Unlawful video surveillance with face recognition in Belgrade

The Impact assessment of video surveillance on human rights, conducted by the Ministry of Interior of Serbia, did not meet the legal requirements. Also, the installation of the system lacks basic transparency. Hence, the process should be suspended immediately and the authorities should engage in an inclusive public debate on the necessity, implications and conditionality of such a system.

The installation of smart video surveillance in Belgrade, with thousands of cameras and face recognition software, has raised public concern. Three civil society organisations (CSOs) – SHARE Foundation, Partners for Democratic Change Serbia (Partners Serbia) and Belgrade Center for Security Policy (BCSP) – published a detailed analysis of the MoI’s Data Protection Impact Assessment (DPIA) on the use of smart video surveillance and have reached a conclusion that the document does not meet the formal or material conditions required by the Law on Personal Data Protection in Serbia.

The Commissioner for Personal Data Protection of Serbia also published his opinion on the DPIA, confirming the findings of the aforementioned organisations. According to the Commissioner, the DPIA was not conducted in line with the requirements of the Law on Personal Data Protection.

The opportunity to address all issues of public interest through the MoI’s DPIA was missed, as well as the obligation to fulfill both formal and material terms required by the Personal Data Protection Law. The DPIA does not meet the minimum legal requirements, especially in relation to smart video surveillance, which is a source  of most interest and concern of the domestic and foreign public. The methodology and structure of the DPIA do not comply with the requirements of the Personal Data Protection Law because The positive effects on crime reduction as described in the DPIA are overestimated, due to the fact that relevant research and comparative practices have been used selectively. It has not been established that the use of smart video surveillance is necessary for the sake of public safety, or that the use of such invasive technology is proportionate, considering the risks to citizens’ rights and freedoms.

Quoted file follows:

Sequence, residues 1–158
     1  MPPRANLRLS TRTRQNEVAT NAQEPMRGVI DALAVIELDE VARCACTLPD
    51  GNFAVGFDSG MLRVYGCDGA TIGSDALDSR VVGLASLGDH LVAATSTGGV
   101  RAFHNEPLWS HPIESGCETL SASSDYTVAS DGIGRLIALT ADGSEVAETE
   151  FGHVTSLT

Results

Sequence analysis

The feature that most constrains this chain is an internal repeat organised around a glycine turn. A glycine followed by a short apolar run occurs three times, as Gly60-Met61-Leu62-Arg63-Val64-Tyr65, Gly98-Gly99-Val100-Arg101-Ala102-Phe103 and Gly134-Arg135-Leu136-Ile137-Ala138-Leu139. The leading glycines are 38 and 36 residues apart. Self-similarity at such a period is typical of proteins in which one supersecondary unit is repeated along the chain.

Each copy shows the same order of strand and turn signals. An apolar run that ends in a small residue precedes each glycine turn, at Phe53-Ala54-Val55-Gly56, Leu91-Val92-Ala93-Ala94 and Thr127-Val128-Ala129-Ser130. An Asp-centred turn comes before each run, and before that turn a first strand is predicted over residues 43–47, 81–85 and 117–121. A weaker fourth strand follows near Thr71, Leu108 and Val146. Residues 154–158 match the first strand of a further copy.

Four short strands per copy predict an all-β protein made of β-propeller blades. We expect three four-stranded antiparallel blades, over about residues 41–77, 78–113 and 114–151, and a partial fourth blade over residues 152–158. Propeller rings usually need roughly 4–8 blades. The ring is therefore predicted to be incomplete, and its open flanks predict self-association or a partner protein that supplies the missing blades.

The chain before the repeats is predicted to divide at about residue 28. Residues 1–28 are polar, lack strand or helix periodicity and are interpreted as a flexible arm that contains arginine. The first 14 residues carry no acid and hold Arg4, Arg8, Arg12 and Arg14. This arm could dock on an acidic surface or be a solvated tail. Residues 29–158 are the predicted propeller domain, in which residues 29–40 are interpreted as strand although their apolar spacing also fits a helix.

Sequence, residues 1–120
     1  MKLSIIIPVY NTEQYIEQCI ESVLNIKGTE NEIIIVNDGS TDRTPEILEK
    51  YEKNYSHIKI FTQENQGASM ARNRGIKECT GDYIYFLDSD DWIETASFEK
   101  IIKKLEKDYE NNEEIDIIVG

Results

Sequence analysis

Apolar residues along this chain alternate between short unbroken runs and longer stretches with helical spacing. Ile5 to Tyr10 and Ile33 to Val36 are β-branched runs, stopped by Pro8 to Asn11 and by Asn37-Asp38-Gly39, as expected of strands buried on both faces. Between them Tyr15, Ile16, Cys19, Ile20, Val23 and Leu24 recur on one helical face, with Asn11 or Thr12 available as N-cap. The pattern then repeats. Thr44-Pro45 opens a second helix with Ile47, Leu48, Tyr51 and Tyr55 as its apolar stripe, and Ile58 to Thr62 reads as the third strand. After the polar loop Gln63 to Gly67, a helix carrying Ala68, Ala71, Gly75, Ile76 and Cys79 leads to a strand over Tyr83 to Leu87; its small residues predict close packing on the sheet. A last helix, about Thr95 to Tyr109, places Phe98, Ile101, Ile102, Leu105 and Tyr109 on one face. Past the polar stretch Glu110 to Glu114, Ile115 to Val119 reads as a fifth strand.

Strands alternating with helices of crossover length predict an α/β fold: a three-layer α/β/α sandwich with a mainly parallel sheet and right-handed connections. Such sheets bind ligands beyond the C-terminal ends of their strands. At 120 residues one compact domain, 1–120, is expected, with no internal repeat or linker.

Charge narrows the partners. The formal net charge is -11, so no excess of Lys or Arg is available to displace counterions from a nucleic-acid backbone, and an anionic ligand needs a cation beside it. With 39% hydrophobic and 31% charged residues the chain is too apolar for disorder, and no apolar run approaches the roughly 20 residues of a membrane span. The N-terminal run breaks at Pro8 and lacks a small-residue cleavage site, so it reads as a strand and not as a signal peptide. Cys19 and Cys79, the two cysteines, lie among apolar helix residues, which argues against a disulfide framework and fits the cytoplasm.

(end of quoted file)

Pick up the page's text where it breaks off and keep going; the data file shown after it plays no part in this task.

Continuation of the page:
The MoI should suspend further introduction of smart video surveillance systems. In addition, the MoI and the Commissioner should initiate an inclusive public debate on video surveillance legislation and practice that will be in line with a charter on the democratic application of video surveillance in the European Union.

Policy brief – Serbian government is implementing unlawful video surveillance with face recognition in Belgrade